How I create my website

How I create my website

This article is about the developing process of my personal website, and things that I learned while building it. I did not have many experiences when it comes to the front end part of web developing. Some basic knowledge about html, css (not even scss) and javascript is all I had when I first started. So if you are also a front-end newbie who is planning on builing a jekyll website, I hope this article can give you an idea of what you’re about to go though (Trust me, it’s not as hard as you think).

Learn Jekyll

Jekyll is a static site generator based on Ruby, to be more specific, Jekyll is a Ruby Gem (similar to Python’s pip). Therefore, the first I did is to install the Ruby environment. There’s acutally a very good quickstart tutorial on Jekyll’s official website, it helped me a lot. Being new to Ruby, I also did some research about Bundler - How does Bundler work anyway?, by Andre Arko. To understand how Jekyll works and the structure of Jekyll, I strongly recommend the tutorial series by Giraffe Academy. Since I had some experiences with building a wordpress theme, it was quite easy for me to grasp the concept of a site generator.

Decide the theme of my website

Luckily, there are a lot of free templates and themes for Jekyll on Internet. Going through those templates really inspired me a lot, and it made me detremine what my website should look like. Though there was no tempalate that 100% satisfy me, there were two themes that I like very much - Barber and Mediumish. I love the grid layout of the Barber theme, I figured it is the perfect layout for me to display my photos. On the other hand, Mediumish has a great pagination and category system, which allows me to easily organize my blog posts. As a result, I decided to combine those 2 themes and merge them into my one of a kind website.

The Building Process

Using others templates is relatively simple. Most of the time you’ll only have to downlaod the repository and modify the config file and you’re almost ready. However, to change others templates or even integrate multiple templates, you have to get your hands dirty. I spent some time playing around with both templates, while trying to understand the code and structure of each projects. In order to take control over a Jekyll project, these are some components that one should pay attention to:

  • _layout directory,
  • CSS, SCSS, JS files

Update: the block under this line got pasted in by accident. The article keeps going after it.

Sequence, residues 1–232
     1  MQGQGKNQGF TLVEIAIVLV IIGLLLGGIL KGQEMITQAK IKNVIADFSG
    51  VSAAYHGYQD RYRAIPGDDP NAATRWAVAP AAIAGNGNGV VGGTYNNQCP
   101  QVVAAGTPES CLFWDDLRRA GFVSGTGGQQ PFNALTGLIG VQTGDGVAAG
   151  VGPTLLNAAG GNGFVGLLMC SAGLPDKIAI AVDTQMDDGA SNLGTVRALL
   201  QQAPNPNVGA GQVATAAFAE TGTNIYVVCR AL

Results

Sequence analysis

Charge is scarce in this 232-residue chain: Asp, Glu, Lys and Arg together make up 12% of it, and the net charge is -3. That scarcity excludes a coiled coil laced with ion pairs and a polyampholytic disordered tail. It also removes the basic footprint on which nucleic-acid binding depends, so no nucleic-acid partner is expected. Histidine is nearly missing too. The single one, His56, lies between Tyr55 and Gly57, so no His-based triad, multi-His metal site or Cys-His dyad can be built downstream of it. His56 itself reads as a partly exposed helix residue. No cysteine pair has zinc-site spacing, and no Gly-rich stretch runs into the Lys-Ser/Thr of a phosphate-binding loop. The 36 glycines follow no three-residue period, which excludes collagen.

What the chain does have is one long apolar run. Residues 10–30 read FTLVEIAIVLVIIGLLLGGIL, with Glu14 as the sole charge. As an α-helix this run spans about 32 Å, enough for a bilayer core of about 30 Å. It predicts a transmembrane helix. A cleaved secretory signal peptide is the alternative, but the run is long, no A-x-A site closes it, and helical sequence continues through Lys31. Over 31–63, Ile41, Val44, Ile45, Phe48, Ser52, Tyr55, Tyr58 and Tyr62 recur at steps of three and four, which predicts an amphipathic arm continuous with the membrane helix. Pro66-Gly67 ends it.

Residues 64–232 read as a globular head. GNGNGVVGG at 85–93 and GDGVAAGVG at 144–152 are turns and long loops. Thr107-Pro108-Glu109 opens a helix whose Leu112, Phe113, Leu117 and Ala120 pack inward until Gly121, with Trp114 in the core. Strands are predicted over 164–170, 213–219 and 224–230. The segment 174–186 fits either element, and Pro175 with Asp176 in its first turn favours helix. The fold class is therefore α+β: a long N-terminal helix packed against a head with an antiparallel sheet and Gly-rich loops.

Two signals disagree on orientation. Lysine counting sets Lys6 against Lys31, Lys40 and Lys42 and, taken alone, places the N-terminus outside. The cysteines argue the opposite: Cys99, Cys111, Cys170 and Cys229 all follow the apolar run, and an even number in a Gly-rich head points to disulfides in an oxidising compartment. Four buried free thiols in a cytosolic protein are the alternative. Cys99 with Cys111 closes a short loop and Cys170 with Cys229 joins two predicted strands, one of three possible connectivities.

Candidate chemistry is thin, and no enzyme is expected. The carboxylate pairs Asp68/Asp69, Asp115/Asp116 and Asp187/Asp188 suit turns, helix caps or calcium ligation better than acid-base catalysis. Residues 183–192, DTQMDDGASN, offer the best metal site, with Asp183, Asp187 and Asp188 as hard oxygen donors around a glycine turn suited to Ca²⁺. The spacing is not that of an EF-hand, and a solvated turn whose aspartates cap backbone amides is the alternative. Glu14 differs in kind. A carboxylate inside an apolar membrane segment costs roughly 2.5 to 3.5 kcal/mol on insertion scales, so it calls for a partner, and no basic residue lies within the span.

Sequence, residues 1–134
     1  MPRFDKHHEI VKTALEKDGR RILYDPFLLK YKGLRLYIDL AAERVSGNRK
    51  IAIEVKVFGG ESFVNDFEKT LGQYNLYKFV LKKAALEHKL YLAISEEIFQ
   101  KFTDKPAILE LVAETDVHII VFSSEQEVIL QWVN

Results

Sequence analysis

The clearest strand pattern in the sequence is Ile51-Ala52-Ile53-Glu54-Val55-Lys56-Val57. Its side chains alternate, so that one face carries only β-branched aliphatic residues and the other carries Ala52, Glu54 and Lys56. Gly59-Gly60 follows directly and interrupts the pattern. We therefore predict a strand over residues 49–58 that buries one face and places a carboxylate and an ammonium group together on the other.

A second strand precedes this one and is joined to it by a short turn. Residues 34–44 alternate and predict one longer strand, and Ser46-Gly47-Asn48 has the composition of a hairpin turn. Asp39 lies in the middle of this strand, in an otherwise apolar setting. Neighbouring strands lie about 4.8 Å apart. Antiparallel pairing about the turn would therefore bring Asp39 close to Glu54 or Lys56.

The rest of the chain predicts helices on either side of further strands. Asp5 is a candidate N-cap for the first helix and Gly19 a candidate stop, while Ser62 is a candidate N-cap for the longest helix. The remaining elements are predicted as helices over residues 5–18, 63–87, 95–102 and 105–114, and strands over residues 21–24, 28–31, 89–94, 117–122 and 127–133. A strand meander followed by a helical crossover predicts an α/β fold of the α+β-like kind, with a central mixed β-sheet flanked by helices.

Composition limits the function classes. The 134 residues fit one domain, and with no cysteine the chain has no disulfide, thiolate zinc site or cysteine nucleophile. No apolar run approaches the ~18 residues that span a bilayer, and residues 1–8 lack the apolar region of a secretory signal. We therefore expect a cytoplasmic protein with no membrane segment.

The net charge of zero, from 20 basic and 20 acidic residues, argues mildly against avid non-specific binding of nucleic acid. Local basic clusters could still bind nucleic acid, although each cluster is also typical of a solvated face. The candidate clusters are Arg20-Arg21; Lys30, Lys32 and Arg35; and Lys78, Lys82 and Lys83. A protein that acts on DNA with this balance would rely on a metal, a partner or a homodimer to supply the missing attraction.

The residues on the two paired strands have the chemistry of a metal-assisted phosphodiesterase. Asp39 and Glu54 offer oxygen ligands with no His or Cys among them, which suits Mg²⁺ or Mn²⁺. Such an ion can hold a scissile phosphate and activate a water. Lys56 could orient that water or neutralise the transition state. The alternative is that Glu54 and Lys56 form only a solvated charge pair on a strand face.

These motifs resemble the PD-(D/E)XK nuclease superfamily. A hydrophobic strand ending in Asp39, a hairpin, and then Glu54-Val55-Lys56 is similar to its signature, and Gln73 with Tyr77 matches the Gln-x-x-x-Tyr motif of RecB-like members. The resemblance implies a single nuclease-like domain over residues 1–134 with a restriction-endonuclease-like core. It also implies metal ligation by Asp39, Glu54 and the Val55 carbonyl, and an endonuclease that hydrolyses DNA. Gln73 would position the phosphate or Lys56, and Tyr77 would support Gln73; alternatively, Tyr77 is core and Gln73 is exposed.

• gem package
  • javascript package dependencies (if any)
  • CDN links

Below I’m going to document what I’ve done to build the website, just in case I need to remind myself in the future.

1. The Defualt Layout & Blog Posts Pagination Page

For my blog posts page, I decided to use the Mediumish theme. Though the theme is well-designed, I took out some of the features that I don’t need, for example, the rating system and the subscribe feature. Also, I found out that the jekyll-paginate package is outdated, therefore I upgraded its pagination package into the latest jekyll-paginate-v2. Codewise, I seperate the header code and footer code from the original default layout, I personally think that the new strucutre is more straight-forward and is easier to maintain.

2. Two types of pagination - Blogs & Photos

Besides blog posts, I also want to post some photos I took on the gallery page. To be clear, photos are just another post with image and no content. I then use the autopage module in jekyll-paginate-v2 to paginate all the posts with a ‘photo’ tag in the gallery page.

I really like the grid layout in the Barber theme. After studying its code, I learned that the layout is powered by a jQuery package called - Salvattore. Since it is an open-source package, it is easy for me to implement the same layout on my website.

4. Fading Page Transition

When it comes to user experience, I feel like the fade-in and fade-out effect while switching pages really makes a big difference, so I spent some time adding this feature to my website.

5. Manage and Minify the building process with Gulp

As I started to add different features to my webstie, I had to include more and more javascripts, and to some extenet it became somehow inefficient in both performance and management aspect. At first I was trying to find some ways to minfiy the javascript, then I came across this new tool that I never heard of - Gulp. I later realized that Gulp is a popular tool in web development, it is a tool to automate some of the building tasks and make your life easier. I really like gulp and I will probably use it again in a web development project in the future.

6. Image loading problem

Not until I deployed the website on the internet did I realize this serious issue: it took too long to load the images on my website. While developing, I always view my website at my local environment, where the loading issue won’t be a big problem cause internet was not involved. The first method I tried was to crop and downsize the image. Though the loading performance slightly enhance after the first attempt, is was still not fast enough. Again, thanks to the internet, I found the potential solution in some articles about Progressive Image Loading. I finally solved the problem by implementing the method mentioned in the article.